Carper Four Ways of Knowing and Different Types of Nursing Theories Danielle Berg, Hailey Hunter, Anh Nguyen, Michael Seeley & Christopher Wilson Maryville University
Dr. Deitra Watson
September 06, 2013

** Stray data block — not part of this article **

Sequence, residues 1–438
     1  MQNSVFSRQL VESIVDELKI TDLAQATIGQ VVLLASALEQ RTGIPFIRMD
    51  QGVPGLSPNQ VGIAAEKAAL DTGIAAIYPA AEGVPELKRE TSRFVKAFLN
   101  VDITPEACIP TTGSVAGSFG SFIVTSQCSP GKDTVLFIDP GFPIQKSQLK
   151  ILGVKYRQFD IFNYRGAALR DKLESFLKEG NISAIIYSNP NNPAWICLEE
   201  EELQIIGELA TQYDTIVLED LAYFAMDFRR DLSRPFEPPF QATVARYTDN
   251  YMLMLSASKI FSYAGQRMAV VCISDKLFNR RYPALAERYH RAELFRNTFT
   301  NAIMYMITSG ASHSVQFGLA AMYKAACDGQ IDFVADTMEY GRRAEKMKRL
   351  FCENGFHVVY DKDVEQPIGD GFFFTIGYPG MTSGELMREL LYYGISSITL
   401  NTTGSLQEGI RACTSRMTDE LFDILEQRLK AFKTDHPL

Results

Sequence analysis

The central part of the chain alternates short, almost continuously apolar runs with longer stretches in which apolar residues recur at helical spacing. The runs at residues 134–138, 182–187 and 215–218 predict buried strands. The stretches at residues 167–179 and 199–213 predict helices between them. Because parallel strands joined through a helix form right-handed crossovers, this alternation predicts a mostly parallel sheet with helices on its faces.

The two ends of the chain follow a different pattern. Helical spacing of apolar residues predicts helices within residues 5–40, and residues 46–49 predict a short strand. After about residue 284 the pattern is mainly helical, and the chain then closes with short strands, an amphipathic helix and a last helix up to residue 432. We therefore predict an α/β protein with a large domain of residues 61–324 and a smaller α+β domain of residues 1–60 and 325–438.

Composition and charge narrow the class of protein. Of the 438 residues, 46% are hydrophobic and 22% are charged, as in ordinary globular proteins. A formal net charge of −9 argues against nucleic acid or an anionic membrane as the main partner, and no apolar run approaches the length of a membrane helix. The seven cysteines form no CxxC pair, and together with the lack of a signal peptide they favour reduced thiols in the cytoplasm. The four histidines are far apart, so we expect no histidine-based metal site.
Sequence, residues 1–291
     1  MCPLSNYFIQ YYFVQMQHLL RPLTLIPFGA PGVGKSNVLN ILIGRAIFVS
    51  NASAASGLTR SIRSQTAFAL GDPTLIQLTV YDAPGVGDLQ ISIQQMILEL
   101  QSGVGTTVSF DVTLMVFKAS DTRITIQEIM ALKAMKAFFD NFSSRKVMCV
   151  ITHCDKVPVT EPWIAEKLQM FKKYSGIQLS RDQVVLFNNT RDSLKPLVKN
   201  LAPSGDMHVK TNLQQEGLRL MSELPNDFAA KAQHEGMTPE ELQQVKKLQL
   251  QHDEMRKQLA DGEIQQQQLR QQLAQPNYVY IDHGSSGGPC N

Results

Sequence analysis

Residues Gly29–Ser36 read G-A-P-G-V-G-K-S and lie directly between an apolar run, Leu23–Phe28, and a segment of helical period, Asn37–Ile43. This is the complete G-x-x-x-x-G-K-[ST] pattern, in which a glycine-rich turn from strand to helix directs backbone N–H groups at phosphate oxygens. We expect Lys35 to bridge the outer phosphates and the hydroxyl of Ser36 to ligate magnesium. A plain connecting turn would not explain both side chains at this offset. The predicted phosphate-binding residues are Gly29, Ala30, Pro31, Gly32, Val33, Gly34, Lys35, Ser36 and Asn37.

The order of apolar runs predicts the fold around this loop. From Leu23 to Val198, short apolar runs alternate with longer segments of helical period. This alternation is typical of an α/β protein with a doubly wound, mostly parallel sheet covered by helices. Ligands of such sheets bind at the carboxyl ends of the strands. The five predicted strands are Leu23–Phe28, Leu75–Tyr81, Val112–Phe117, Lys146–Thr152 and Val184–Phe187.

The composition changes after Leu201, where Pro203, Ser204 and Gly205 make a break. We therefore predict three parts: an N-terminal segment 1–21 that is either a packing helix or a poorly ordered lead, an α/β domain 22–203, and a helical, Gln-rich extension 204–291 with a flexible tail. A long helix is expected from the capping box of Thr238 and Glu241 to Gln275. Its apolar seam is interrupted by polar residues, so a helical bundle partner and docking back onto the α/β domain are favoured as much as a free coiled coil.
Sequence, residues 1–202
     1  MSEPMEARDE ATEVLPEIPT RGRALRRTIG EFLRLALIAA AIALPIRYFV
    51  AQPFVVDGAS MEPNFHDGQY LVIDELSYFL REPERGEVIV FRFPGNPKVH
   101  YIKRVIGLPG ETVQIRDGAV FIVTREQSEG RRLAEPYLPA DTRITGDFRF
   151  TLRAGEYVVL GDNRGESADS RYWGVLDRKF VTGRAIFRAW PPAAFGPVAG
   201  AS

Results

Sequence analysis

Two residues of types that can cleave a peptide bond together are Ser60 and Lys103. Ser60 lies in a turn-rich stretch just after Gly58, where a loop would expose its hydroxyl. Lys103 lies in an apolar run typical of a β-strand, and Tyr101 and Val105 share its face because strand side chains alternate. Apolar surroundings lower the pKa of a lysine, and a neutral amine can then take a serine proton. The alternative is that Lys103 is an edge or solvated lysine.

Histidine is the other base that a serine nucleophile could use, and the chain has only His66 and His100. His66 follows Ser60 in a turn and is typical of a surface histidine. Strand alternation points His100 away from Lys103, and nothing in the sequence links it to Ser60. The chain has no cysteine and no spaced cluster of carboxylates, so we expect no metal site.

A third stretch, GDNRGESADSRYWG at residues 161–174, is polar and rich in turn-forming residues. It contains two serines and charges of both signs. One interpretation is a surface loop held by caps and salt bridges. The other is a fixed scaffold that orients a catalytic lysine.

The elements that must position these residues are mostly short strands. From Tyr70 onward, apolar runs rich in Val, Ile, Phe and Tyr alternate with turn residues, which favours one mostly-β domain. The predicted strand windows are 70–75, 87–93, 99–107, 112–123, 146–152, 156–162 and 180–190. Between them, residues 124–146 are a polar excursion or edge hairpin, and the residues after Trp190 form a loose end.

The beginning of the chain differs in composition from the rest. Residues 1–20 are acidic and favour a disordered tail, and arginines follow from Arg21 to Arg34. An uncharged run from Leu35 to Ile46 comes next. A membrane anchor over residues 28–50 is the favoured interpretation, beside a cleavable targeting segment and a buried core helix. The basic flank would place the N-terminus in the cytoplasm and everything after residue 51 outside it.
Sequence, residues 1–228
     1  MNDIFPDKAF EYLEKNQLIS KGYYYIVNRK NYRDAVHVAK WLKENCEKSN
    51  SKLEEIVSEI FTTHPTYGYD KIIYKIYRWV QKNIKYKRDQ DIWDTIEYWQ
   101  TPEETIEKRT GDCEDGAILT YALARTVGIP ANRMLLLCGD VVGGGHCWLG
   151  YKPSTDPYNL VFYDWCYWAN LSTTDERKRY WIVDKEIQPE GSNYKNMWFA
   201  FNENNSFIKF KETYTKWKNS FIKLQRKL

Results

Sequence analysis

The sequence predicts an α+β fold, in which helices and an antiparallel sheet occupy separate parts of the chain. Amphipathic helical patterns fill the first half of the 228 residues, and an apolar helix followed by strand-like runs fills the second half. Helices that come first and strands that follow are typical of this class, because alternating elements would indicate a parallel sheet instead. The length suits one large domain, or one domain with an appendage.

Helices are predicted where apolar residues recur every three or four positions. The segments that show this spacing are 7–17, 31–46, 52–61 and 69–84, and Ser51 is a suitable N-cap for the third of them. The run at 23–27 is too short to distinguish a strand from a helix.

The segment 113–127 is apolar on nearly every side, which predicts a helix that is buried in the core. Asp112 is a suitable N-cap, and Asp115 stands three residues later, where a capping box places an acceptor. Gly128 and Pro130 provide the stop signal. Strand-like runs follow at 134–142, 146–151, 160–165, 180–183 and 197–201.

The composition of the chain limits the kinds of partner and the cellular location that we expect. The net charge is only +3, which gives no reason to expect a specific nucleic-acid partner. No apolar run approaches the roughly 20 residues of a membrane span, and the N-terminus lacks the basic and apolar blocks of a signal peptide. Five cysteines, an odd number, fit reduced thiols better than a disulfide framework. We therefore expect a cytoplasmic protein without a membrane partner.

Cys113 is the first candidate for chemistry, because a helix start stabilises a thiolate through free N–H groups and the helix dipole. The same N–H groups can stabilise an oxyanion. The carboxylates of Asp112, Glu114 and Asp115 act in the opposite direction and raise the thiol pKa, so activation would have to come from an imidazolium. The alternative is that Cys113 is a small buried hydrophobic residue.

Carper Four Ways of Knowing and Different Types of Nursing Theories It is essential in nursing to continue learning and applying knowledge to the everyday practice. In doing so, it is important to understand how to organize, test, and apply knowledge to nursing. Barbara Carper identified four fundamental patterns of knowing in nursing which are necessary for the teaching and learning of nursing. Carper's four fundamental patterns of knowing in nursing are defined as empirical, ethical, personal and aesthetic (Carper, 1978). A different method of analysis is required to find evidence, understand each pattern and develop knowledge about each pattern. Empirical knowing or knowledge is simply the science of nursing (Hunter, 2008). Empirical knowledge in nursing literature had a late start having only been around since the 1950’s. Since then, there has been an increasing importance placed on the development of a body of empirical knowledge on nursing. With empirical knowing, science of nursing can be categorized into general law and theories (Carper, 1978). The pattern on knowing labeled as “nursing science” does not reflect the same characteristics as the more advanced sciences. Nursing attempts to assess knowledge, question its validity and take the information and incorporate it into specific situations. This can be expressed in facts, specific concept or theory which can be used to predict specific outcomes. Currently, in the development of nursing science, new concepts and experiences continue to occur in health and illness with regards to human life. These new concepts and experiences in the nursing sciences should be seen as breakthroughs in nursing. Carper expresses the need for nursing to expand empirical knowledge because the nursing discipline has not been able to achieve a scientific model to practice with (Mantzorou & Mastrogiannis, 2011). However, for knowledge to be effective it must incorporate ethics, aesthetics and personal knowing (Mantzorou & Mastrogiannis, 2011). The ethical component of Carper’s way of knowing was thought to be “the moral component of nursing” (Mantzorou & Mastrogiannis, 2011, p.254). This component of knowing draws on the underlying values and beliefs of the nurse. Ethical knowledge can be voiced by language and theory. Ethics is evaluated on fairness, excellence and accountability. It is these values that help the nurse form their core beliefs and eventually develop their own nursing philosophy. Mantzorou and Mastrogiannis (2011) state “for nurses the process of ethical knowing such as advocating for their patients and clarifying the meaning of life and living, can change all the existing values in health care” (p.254).This quote stresses the importance of the ethical component of knowing for nurses and how it can be utilized to advance health care. A nurse knowing his or her own morals goes beyond the ethical code; it includes all actions that are believed to be right and wrong in nursing practice. Carper’s empirical knowing and aesthetic knowing are used as pathways leading to knowledge. Carper’s fundamental component of a personal knowledge in nursing is a continuous process of knowing one’s self. According to Chinn and Kramer (1999), “One can truly know another person through knowing the self.” Through the nurse-patient relationship, as nurses, we give all that we are able to with the relationship and use this to benefit both the nurse and the patient. Thus, both the nurse and the patient are able commit and give to his or her fullest potential. Carper’s fundamental pattern of personal knowing is said to be the fundamental that is the most difficult to teach grasp. The personal knowledge component includes...
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